• The Plant Dôn represent the foundations of human society: agriculture, technology, magic, and social organisation. They are the experience and knowledge of tribes and nations, not of individuals. They represent the forces that are greater than individuals, but without which society cannot exist.
  • The Plant Llŷr are the family of rulers and kings. They guide us in finding a harmonious balance between the other families. If the Plant Annwn grow too strong, society crumbles as individualism dominates fellow-feeling.  If the Plant Dôn are too strong, then the institutions of society crush the individual.

Here lies the prophecy of the Cad Goddeu for our time.

Amaethon has stolen the guardians of the soul. The hound, the roebuck, and the lapwing between them give warning of, and protection against, threats. Without them, the spirits on the journey to Gwynfyd are weakened, and unable to detect, and defend themselves, against threats. Amaethon’s theft leaves the Plant Annwn and the Plant Llŷr weakened, and unable to fulfil their proper roles. This is why they unite against the Plant Dôn…

…but they fail. In their mystical battle, Gwydion, the Magician, guesses the true name of Brân, and the alliance is defeated. The Plant Dôn are triumphant.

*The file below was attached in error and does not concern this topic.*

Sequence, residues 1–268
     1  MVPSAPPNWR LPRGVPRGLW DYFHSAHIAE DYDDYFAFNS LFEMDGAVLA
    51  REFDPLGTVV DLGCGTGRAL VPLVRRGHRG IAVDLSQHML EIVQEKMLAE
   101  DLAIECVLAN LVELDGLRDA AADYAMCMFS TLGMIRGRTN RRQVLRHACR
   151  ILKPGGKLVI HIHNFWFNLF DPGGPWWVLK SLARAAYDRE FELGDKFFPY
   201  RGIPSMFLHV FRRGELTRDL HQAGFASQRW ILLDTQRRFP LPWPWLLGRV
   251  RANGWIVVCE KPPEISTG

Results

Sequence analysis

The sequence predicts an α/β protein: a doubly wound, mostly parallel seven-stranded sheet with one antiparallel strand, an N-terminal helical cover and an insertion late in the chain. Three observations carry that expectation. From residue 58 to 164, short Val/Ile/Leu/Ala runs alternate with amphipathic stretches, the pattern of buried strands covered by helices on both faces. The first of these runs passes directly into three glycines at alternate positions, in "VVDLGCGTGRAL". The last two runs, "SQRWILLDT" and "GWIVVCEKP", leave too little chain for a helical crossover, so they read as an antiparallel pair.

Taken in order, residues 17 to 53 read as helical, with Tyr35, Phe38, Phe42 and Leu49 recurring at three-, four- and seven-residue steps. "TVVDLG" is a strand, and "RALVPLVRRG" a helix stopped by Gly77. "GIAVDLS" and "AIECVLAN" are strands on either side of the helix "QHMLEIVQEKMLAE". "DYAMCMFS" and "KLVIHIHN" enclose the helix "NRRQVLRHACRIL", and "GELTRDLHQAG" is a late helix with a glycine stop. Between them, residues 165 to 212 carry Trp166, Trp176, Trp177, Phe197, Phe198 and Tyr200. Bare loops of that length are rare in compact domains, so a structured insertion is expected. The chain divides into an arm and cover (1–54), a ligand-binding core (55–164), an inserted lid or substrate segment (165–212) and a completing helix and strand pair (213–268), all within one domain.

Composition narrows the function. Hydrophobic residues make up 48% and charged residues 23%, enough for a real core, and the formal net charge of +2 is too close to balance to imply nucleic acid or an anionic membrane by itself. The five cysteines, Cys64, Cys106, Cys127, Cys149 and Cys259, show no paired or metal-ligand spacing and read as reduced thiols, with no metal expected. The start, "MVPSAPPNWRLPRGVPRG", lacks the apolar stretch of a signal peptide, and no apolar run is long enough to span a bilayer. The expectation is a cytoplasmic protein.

Look around at our world. Is it not obvious that systems and vast, inhuman, forces control us, and are using us for their own satisfaction, as Gilfaethwy used Goewin? Big Agra despoils the earth for profit. Big Pharma forces us to use more and more medication at an ever-greater price, holding our health to ransom. Big Tech learns everything about us, and sells our data for profit. Big Media accumulates all news and entertainment into an ever-smaller number of hands; it tells us what to think and how to behave, and grows ever less tolerant of alternatives. I could go on, of course, but you can continue the list yourselves.

At the same time, I see more and more Druids refusing to work together, rejecting any organisation or unity. Individualism is praised over cooperation. More broadly, action in society is insufficient; people say they want change, but will not change their way of living – because no-one wants to be the first to give up their individual comforts.